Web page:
5 worst foods to EAT!!!!!
1. Sweet Sips and Soda
Plenty of sugar here—and soda is only part of the problem. Sweetened teas and some energy drinks can pack up to 50 grams of sugar in each 16-ounce bottle. You get plenty of refined carbs without any nutrients. The American Heart Association sets the maximum amount of added sugars per day at 37.5 grams (or 9 teaspoons and 150 calories) for men; and 25 grams (or 6 teaspoons and 100 calories) for women.
2. Cakes, Cupcakes and Cookies
They may taste good, but underneath that taste lies the reason for it: refined flour, added sugars, trans fats and saturated fat. (An interesting note on trans fat: While the U.S. Food and Drug Administration has ordered manufacturers to remove all trans fat from their products, they have three years to comply. In the meantime, you'll want to avoid foods loaded with trans fats. Trans fats are used to enhance the taste and texture of foods, and make them last longer; but they increase your risk for many chronic diseases. A product can list 0 grams of trans fat on its label if there's less than 0.5 grams—but even that adds up over time.)
3. Breakfast Sandwiches
If you make your own at home, you can use healthy ingredients, but don't assume the frozen varieties are similar. Typically they contain at least one gram of trans fat, plus they are packed with sodium, low in fiber and high in fat. Read what Consumer Reports has to say here.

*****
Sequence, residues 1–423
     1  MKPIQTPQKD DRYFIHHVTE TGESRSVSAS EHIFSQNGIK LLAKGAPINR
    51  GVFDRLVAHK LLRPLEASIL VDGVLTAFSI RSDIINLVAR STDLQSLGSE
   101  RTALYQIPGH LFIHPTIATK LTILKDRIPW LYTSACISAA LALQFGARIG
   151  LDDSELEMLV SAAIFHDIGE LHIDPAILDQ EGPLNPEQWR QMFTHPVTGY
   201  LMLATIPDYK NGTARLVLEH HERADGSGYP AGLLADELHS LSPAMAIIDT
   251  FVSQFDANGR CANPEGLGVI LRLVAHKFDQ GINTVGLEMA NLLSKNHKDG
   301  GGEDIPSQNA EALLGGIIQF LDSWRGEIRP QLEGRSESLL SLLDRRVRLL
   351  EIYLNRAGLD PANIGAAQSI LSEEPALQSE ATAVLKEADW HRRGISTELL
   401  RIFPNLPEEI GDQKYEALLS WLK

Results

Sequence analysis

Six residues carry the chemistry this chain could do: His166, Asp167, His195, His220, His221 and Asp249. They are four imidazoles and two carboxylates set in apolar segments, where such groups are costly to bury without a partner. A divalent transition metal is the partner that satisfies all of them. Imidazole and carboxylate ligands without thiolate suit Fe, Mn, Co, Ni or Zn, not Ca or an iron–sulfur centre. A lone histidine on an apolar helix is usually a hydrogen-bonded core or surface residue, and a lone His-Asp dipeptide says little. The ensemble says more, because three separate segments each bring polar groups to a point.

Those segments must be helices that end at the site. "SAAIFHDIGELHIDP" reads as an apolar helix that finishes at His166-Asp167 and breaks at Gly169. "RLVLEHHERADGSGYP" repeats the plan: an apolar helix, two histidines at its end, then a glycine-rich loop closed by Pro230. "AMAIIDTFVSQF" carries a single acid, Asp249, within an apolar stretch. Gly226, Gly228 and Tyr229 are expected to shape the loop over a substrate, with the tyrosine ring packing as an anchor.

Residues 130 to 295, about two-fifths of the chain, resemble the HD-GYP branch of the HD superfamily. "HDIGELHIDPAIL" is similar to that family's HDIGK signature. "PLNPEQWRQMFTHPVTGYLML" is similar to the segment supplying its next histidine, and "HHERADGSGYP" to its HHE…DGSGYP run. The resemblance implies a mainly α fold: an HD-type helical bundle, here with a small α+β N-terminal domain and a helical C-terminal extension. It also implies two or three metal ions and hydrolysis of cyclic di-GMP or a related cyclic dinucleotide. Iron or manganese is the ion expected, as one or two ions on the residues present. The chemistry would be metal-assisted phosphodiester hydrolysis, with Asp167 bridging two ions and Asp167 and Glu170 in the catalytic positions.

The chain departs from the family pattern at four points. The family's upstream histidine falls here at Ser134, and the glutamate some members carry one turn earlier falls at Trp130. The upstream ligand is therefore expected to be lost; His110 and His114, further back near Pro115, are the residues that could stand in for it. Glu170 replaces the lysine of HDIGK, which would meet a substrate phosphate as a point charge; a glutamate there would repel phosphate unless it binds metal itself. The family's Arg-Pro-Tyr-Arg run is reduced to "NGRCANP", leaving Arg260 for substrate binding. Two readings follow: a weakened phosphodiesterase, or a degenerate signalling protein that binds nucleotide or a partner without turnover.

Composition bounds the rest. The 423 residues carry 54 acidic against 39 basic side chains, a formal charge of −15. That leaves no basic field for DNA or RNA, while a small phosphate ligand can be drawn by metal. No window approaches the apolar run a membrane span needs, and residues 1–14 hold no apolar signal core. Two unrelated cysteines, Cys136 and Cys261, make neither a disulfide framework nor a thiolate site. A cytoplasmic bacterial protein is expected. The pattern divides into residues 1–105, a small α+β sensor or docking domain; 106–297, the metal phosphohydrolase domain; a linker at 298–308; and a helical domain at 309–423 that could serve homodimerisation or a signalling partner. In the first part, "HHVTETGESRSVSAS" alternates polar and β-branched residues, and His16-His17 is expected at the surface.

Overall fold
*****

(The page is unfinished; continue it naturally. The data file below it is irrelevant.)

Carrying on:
4. Movie Theater Popcorn
There's nothing wrong with popcorn; in fact, it's a healthy whole grain that offers fiber and antioxidants, to boot. But, there's popcorn—and there's popcorn. If you're heading out to the movies, beware: A bucket of popcorn can contain as many calories as a hamburger plus a Quarter Pounder AND a Big Mac at McDonald's, reports the Center for Science in the Public Interest. It adds that the popcorn is "essentially fried in one to three days' worth of saturated fat," depending on the size you choose. And what about those buttery toppings? As if you didn't already get enough, these will add 130 calories to a small popcorn, 200 to a medium and 260 to a large, reports movie chain Regal.
5. Canned Soup
It might come in handy if you're pressed for time, but unless you find a tasty variety that's low in salt (and there are some out there), you're out of luck on the health front. An average cup of a popular-brand soup, for instance, packs over 800 milligrams of sodium. Keep in mind that's an "average cup." Most people consume the entire can, which brings the sodium to over 2,000 milligrams—more than you should consume in an entire day.